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Home / India News / First half of budget session ends, govt tables 4 key bills

First half of budget session ends, govt tables 4 key bills

The government managed to introduce three legislations apart from the all-important Finance Bill 2020. These bills are: The Aircraft (Amendment) Bill, The Direct Tax Vivad se Vishwas Bill and The Institute of Teaching and Research in Ayurveda Bill.

india Updated: Feb 12, 2020 06:16 IST
HT Correspondent
HT Correspondent
Hindustan Times, New Delhi
Finance Minister Nirmala Sitharaman speaks in the Lok Sabha during the Budget Session of Parliament, in New Delhi, Tuesday, Feb. 11, 2020.
Finance Minister Nirmala Sitharaman speaks in the Lok Sabha during the Budget Session of Parliament, in New Delhi, Tuesday, Feb. 11, 2020. (PTI file photo)

The first half of the Budget session of Parliament, marred by protests over the contentious Citizenship Amended Act, ended on Tuesday after some key debates and introduction of four bills.

The government managed to introduce three legislations apart from the all-important Finance Bill 2020. These bills are: The Aircraft (Amendment) Bill, The Direct Tax Vivad se Vishwas Bill and The Institute of Teaching and Research in Ayurveda Bill.

Before adjourning for the second half, the Lok Sabha passed the Constitution (Scheduled Tribes) Order (Second Amendment) Bill, 2019.

The bill amends the Scheduled Tribes list of Karnataka to add the Paliwara, Parivara and Siddi communities to it.

The second half of the session, which will run from March 2 to April 3, will see more legislative action and the possibility of continuous protests by the Opposition.

The budget session started on a stormy note with rare protests during the President’s speech itself. The Opposition raised slogans and posters as President Ram Nath Kovind invoked Mahatma Gandhi’s quotes to justify the CAA.

The citizenship law also emerged as the key theme of the debate on Kovind’s speech as many Opposition leaders demanded a roll back of the law which fast-tracks citizenship to people from persecuted mon-Muslim minorities from Pakistan, Bangladesh and Afghanistan who entered India before December 31, 2014 .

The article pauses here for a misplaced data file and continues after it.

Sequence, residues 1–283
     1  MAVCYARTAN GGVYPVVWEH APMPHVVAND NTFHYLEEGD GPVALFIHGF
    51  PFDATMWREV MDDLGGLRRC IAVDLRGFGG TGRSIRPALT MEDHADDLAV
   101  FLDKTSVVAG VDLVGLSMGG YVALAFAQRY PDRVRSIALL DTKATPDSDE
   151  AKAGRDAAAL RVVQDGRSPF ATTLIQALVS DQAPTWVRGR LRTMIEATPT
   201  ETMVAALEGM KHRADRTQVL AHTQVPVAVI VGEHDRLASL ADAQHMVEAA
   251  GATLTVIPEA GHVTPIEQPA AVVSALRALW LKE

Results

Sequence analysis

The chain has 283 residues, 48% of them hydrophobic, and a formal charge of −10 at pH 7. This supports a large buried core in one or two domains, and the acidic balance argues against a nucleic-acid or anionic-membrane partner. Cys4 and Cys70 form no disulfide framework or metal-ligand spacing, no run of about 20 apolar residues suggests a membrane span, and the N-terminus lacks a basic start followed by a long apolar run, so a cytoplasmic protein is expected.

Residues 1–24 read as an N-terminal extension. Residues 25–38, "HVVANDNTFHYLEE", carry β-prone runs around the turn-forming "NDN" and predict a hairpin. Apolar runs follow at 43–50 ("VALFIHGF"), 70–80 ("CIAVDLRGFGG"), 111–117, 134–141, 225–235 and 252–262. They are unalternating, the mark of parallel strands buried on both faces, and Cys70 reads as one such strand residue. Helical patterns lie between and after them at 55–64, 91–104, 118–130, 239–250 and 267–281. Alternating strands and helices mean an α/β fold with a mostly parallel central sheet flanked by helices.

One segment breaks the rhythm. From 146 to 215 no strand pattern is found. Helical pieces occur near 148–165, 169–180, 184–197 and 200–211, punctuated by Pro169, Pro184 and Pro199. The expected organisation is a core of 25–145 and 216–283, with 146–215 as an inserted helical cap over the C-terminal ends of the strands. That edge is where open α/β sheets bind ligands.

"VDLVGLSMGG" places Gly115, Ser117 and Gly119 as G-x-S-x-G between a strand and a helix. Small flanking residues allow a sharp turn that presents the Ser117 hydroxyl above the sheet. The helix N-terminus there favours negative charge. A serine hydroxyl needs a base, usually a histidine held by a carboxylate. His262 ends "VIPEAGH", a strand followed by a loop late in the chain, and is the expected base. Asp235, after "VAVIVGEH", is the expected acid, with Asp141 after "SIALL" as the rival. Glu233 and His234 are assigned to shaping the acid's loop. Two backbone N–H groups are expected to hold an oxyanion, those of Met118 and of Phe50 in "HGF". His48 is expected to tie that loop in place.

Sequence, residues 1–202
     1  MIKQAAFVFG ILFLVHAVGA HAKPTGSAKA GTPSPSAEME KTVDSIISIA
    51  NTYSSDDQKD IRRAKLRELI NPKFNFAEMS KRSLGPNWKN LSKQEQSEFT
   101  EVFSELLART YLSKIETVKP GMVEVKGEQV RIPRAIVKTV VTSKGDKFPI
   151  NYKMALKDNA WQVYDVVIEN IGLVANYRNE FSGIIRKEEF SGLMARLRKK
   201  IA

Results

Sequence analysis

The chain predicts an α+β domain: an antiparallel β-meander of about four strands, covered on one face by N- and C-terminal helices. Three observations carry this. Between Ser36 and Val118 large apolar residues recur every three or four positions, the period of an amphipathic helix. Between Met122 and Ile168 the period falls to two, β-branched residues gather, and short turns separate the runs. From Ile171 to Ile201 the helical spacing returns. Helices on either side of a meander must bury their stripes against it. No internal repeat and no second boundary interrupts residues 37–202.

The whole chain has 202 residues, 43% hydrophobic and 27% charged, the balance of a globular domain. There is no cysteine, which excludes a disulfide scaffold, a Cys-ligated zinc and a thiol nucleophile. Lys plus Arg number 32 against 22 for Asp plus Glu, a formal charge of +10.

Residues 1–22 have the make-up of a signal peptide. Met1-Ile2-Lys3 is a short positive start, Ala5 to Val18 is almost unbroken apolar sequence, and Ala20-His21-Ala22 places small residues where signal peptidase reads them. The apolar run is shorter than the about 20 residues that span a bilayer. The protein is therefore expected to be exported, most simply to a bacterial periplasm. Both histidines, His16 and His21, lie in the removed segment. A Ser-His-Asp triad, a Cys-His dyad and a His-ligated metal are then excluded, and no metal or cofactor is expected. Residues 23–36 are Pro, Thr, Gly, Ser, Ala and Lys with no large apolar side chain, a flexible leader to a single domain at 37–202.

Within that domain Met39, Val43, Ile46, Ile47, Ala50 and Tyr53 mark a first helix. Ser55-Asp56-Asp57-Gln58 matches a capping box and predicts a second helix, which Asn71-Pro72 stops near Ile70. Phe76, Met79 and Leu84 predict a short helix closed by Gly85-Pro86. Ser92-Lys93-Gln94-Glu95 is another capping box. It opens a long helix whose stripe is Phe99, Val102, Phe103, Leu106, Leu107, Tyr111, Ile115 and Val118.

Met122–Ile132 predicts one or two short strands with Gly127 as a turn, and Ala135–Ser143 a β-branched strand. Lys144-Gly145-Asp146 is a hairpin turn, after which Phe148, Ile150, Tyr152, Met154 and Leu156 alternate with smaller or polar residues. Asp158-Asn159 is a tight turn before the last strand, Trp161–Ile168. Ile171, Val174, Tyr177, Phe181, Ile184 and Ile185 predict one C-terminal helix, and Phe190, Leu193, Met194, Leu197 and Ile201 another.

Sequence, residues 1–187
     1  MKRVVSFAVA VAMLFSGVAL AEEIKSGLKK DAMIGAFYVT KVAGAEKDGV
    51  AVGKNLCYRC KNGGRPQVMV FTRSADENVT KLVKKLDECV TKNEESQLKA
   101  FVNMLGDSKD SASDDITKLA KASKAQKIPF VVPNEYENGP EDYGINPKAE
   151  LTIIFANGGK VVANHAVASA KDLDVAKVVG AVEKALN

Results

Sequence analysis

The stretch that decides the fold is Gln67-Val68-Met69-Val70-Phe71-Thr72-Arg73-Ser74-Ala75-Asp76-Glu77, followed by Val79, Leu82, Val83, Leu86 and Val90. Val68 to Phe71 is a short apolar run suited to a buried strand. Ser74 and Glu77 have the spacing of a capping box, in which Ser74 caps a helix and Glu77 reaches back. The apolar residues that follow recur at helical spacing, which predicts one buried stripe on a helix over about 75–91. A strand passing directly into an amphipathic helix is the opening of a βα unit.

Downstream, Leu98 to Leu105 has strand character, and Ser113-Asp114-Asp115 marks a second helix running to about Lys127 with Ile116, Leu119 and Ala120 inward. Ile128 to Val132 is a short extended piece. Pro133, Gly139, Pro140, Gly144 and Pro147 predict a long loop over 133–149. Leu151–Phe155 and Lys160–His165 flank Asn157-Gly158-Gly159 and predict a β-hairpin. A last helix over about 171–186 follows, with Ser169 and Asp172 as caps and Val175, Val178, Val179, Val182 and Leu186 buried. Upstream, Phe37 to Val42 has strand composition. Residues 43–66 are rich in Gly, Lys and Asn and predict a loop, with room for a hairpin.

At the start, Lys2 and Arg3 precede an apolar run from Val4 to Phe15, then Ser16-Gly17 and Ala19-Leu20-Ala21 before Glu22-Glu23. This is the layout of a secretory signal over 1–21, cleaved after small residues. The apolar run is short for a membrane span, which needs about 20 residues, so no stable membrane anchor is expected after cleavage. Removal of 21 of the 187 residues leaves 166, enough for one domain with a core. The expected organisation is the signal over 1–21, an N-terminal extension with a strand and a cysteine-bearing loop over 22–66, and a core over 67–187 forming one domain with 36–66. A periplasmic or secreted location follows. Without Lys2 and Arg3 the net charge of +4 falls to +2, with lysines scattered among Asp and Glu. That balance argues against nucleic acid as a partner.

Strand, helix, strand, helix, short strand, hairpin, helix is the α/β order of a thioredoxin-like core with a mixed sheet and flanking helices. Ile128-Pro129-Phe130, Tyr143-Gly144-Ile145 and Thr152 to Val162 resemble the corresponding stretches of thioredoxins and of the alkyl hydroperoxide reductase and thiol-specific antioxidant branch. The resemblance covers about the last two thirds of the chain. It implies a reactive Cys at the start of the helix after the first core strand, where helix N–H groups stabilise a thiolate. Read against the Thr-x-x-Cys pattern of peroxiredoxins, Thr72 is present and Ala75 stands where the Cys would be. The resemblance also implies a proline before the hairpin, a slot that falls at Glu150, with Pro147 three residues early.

The Delhi elections also cast a shadow over the debates as the BJP fielded its West Delhi MP Parvesh Verma, who was temporarily barred from campaigning in the Delhi polls, to initiate the debate on the President’s speech. Amid protests, Verma spared no chances to hit out at the Congress and categorically ruled out any roll-back in the law.

He stated that his was the Modi government and not the one of “Rajiv Feroze Khan”, a reference to a conspiracy theory that Feroze Gandhi, late Prime Minister Rajiv Gandhi’s father was a a Muslim (he was actually a Parsi).

Finance minister Nirmala Sitharaman’s budget speech on February 1, went on to set the record for the longest-ever presentation of the general budget. The budget saw new income tax proposals aimed to increase the disposable income of most tax-payers. It also announced the divestment of LIC, through a partial IPO.

The two houses, however, grappled with issues related to the attendance of members. On Tuesday, Rajya Sabha Chairman Venkaiah Naidu expressed concern over low attendance in the House.

The ruling BJP issued a three-line whip on Monday evening, triggering speculations of introduction of a major legislation in the House. But Naidu clarified that the whip was issued simply to improve the attendance.

“That is for the health of the House because today is the last day (before the break) and we have seen in the past that attendance normally is very less (on these days) sending a very wrong message as if members are not interested in the Budget and the House,” he said. Naidu also quipped that he will be happy if “a whip is issued regularly” to ensure attendance of more MPs.